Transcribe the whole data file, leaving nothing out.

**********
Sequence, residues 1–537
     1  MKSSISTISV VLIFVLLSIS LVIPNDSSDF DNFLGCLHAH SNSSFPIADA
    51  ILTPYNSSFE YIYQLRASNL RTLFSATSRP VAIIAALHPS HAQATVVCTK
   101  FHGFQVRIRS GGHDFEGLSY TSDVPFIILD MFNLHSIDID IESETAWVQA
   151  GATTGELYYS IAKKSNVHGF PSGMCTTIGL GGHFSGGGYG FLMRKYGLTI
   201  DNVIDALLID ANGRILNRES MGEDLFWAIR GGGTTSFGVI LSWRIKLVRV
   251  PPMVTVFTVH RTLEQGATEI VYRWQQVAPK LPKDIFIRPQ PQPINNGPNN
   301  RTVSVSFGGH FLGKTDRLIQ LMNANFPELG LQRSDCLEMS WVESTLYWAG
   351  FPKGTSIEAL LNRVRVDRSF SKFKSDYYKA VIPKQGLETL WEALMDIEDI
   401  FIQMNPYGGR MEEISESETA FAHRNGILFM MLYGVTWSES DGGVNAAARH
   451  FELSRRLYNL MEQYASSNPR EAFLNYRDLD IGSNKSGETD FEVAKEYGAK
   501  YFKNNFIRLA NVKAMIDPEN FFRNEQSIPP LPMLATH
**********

Sequence, residues 1–537
     1  MKSSISTISV VLIFVLLSIS LVIPNDSSDF DNFLGCLHAH SNSSFPIADA
    51  ILTPYNSSFE YIYQLRASNL RTLFSATSRP VAIIAALHPS HAQATVVCTK
   101  FHGFQVRIRS GGHDFEGLSY TSDVPFIILD MFNLHSIDID IESETAWVQA
   151  GATTGELYYS IAKKSNVHGF PSGMCTTIGL GGHFSGGGYG FLMRKYGLTI
   201  DNVIDALLID ANGRILNRES MGEDLFWAIR GGGTTSFGVI LSWRIKLVRV
   251  PPMVTVFTVH RTLEQGATEI VYRWQQVAPK LPKDIFIRPQ PQPINNGPNN
   301  RTVSVSFGGH FLGKTDRLIQ LMNANFPELG LQRSDCLEMS WVESTLYWAG
   351  FPKGTSIEAL LNRVRVDRSF SKFKSDYYKA VIPKQGLETL WEALMDIEDI
   401  FIQMNPYGGR MEEISESETA FAHRNGILFM MLYGVTWSES DGGVNAAARH
   451  FELSRRLYNL MEQYASSNPR EAFLNYRDLD IGSNKSGETD FEVAKEYGAK
   501  YFKNNFIRLA NVKAMIDPEN FFRNEQSIPP LPMLATH